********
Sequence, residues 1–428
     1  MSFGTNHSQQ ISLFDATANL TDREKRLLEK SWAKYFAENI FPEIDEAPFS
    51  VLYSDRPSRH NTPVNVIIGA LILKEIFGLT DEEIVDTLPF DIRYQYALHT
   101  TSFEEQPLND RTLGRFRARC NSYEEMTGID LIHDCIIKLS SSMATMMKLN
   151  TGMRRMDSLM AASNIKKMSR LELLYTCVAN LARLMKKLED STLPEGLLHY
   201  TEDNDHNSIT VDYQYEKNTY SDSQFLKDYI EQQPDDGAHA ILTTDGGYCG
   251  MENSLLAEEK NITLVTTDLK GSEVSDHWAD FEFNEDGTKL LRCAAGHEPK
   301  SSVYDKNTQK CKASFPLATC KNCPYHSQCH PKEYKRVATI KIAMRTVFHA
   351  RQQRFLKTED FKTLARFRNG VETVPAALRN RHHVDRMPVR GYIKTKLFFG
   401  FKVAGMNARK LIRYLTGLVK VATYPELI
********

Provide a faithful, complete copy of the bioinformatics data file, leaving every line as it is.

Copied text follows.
Sequence, residues 1–428
     1  MSFGTNHSQQ ISLFDATANL TDREKRLLEK SWAKYFAENI FPEIDEAPFS
    51  VLYSDRPSRH NTPVNVIIGA LILKEIFGLT DEEIVDTLPF DIRYQYALHT
   101  TSFEEQPLND RTLGRFRARC NSYEEMTGID LIHDCIIKLS SSMATMMKLN
   151  TGMRRMDSLM AASNIKKMSR LELLYTCVAN LARLMKKLED STLPEGLLHY
   201  TEDNDHNSIT VDYQYEKNTY SDSQFLKDYI EQQPDDGAHA ILTTDGGYCG
   251  MENSLLAEEK NITLVTTDLK GSEVSDHWAD FEFNEDGTKL LRCAAGHEPK
   301  SSVYDKNTQK CKASFPLATC KNCPYHSQCH PKEYKRVATI KIAMRTVFHA
   351  RQQRFLKTED FKTLARFRNG VETVPAALRN RHHVDRMPVR GYIKTKLFFG
   401  FKVAGMNARK LIRYLTGLVK VATYPELI